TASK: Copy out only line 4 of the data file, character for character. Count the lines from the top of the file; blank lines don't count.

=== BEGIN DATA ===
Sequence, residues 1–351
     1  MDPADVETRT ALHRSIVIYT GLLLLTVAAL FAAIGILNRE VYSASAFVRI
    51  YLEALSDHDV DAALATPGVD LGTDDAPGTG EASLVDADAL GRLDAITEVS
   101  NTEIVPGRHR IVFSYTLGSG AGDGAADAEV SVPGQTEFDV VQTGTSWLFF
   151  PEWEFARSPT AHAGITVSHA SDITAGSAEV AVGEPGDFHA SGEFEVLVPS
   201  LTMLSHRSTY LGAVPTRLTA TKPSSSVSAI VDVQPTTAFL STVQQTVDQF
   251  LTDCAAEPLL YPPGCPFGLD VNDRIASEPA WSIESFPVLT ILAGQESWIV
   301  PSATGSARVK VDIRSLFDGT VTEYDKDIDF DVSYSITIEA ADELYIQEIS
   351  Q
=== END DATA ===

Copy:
   101  NTEIVPGRHR IVFSYTLGSG AGDGAADAEV SVPGQTEFDV VQTGTSWLFF